At the dawn of the seventeenth century Taiwan was an Austronesian island, inhabited by the ancestors of today’s Aborigines and largely removed from the wider currents of East Asian history. In modern Taiwan the Aboriginal peoples make up just 3 percent of the population, with most of the rest being ethnically Chinese. How this came to pass is the central theme of Tonio Andrade’s beautifully lucid account, How Taiwan Became Chinese. The subtitle, Dutch, Spanish, and Han Colonization in the Seventeenth Century, makes clear his thesis that ethnic Chinese dominance in Taiwan was sealed by the late 1600s.

The success of Andrade’s book comes from the combination of scholarly rigour and engaging prose. Too often in East Asia studies (and beyond) valuable insight is obscured by overly academic, stultified writing. Andrade, on the other hand, writes in an uncomplicated style that makes his book of as much interest to the general reader as to the Taiwan specialist.

Thomas Pedel was looking for pirates. It was 1640, and he was deep in the wilds of central Taiwan, an area not yet fully controlled by his employer, the Dutch East India Company. He found no pirates, but he did meet another company employee, who said he was searching for an arsonist named Captain Favorolang. Having failed with the pirates, Pedel decided to help.

Andrade is a professor of history at Emory University, with a doctorate from Yale. He specialises in “global history”, a cross-disciplinary approach that goes beyond traditional restrictions of culture and national or regional political units. In How Taiwan Became Chinese Andrade uses primary sources from the Dutch, Spanish, and Chinese of the era, as well as modern scholarship, to skillfully weave together a tale of distrust, avarice, brutality, and successive waves of political miscalculation. The result is both an engrossing chronicle of the competition between the powers in Asia and an intimate look at the lives of traders, village elders, ordinary soldiers, and farmers.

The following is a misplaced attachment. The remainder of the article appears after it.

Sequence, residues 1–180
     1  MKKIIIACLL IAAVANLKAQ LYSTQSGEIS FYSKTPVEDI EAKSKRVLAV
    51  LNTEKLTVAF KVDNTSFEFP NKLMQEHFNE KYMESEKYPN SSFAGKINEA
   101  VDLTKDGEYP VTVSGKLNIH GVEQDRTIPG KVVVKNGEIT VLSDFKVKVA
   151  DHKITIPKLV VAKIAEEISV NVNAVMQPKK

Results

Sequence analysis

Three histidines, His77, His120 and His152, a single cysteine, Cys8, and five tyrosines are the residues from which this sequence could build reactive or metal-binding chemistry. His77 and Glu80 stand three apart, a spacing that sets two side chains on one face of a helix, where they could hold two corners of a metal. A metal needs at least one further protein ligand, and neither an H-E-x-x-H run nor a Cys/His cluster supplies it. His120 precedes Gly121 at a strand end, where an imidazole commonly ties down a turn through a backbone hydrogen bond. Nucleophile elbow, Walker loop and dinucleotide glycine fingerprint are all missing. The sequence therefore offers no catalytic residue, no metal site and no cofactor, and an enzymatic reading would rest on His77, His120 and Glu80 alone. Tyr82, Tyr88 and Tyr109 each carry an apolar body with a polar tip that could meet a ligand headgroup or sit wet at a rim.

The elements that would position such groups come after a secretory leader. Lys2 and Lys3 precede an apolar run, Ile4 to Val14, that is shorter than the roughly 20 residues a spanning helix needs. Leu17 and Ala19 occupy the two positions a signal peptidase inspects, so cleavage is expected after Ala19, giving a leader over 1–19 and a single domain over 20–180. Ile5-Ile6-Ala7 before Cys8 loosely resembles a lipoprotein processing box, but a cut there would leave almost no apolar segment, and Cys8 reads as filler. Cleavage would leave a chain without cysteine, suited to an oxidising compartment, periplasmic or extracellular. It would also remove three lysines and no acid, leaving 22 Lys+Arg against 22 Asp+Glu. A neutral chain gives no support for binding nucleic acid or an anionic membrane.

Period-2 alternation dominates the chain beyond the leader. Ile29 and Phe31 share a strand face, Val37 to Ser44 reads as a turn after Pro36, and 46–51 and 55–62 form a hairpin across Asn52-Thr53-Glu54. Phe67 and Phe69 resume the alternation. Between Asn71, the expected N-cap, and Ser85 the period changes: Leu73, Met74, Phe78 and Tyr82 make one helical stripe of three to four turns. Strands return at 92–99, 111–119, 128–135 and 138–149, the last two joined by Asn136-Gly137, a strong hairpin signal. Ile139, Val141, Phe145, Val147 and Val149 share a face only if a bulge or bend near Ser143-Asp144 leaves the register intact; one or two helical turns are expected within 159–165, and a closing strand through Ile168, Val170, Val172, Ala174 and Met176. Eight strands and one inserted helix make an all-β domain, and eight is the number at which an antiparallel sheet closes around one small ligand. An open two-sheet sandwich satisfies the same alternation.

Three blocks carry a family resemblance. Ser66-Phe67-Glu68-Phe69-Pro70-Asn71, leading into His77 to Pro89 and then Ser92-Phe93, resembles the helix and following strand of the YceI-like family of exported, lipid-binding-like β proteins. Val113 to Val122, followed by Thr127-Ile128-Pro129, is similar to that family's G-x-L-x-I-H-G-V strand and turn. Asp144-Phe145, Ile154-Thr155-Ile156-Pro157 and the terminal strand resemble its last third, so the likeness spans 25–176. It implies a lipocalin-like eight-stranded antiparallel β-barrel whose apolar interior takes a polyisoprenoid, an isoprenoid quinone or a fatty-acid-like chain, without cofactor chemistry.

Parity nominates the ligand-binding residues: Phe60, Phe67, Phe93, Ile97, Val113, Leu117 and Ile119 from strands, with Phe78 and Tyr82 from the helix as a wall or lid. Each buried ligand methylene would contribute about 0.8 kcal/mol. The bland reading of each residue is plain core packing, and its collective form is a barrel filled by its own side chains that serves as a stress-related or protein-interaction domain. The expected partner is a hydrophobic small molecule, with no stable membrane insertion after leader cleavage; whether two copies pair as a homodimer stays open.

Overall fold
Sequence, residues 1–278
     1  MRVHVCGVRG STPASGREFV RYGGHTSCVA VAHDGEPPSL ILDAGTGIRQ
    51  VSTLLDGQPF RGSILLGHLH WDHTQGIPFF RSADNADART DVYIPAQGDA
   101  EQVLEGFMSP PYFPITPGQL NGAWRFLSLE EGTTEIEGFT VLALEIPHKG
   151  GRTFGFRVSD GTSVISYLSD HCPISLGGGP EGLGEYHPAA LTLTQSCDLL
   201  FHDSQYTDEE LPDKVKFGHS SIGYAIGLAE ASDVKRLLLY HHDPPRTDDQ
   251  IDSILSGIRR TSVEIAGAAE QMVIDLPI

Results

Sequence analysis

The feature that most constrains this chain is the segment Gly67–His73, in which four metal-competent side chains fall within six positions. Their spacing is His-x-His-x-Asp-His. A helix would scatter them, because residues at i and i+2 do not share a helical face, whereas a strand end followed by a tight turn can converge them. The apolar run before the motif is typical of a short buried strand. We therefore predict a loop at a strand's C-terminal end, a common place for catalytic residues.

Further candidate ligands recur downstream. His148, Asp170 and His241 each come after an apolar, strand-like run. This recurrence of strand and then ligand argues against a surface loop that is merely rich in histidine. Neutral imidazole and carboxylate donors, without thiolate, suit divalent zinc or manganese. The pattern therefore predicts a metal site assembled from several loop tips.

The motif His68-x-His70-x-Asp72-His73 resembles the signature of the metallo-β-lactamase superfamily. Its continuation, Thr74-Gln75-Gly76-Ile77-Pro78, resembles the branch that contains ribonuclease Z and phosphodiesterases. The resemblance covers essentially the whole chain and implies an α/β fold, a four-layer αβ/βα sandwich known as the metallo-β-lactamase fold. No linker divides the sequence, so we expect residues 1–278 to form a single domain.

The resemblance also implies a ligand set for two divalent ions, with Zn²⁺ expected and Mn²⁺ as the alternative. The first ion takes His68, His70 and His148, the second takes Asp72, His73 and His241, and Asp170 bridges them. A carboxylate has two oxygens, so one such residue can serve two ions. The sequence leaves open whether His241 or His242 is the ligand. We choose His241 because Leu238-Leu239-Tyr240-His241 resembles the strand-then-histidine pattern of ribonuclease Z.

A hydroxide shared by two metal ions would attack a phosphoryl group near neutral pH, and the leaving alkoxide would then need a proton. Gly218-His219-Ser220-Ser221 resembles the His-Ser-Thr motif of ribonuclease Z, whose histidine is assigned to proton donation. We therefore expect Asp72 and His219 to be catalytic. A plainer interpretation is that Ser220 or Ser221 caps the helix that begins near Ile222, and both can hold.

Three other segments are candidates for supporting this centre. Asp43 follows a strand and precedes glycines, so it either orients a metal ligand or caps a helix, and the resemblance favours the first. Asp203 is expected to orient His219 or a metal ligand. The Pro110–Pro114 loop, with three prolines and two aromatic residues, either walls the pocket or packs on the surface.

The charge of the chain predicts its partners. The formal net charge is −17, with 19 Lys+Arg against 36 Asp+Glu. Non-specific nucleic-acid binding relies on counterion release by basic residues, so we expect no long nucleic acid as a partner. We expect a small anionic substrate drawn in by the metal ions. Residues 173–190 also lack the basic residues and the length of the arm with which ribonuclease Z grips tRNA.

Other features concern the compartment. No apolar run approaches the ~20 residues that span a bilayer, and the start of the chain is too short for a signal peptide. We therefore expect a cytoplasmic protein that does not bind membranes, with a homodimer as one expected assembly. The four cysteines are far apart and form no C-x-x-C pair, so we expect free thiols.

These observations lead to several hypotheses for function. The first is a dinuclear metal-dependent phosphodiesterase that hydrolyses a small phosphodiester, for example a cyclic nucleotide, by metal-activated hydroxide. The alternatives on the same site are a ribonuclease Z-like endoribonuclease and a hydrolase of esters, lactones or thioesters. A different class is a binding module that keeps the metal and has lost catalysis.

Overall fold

The established story of the 1642 Spanish withdrawal from northern Taiwan credits Dutch military might with forcing the Spaniards out. Andrade cites letters from Spanish authorities in Manila to convincingly argue an alternative view. According to this account, the Spanish were in the process of a staged withdrawal from their unproductive and costly outpost, and the Dutch merely took advantage of the reduced numbers of Spanish defenders to push them out a little earlier.

Describing the approach taken by the Company after the Spanish ouster as “co-colonization,” the author shows how the Europeans – who never numbered more than a few thousand – enlisted Chinese from Fujian as the workers in their colonial endeavour.

The company provided what would-be Chinese colonists had lacked: a military and administrative structure to support their efforts. It made Taiwan a safer place to move to and invest in, whether one was a poor peasant or a rich entrepreneur. It also provided free land, freedom from taxes, the use of oxen, and, moreover, loans, and sometimes even outright subventions. It even advertised.

The cooperation between Aborigine, Chinese, and Dutch was never total, however, and the pax hollandica created by the Dutch colonists was a frail and unsteady one. A constantly shifting web of alliances fought a low-level conflict through the whole era of Dutch influence, occasionally flaring up into bloodier confrontations.

How Taiwan Became Chinese is probably the best overview of the European colonial era in Taiwan. It is beautifully illuminated with maps and period illustrations, extensively referenced, and contains enough appendices to satisfy today’s data-driven mindset, including the accounts of the Dutch East India Company. The whole book is available for free online through the Gutenberg-e program, and should be high on the reading list of anyone interested in Taiwanese history.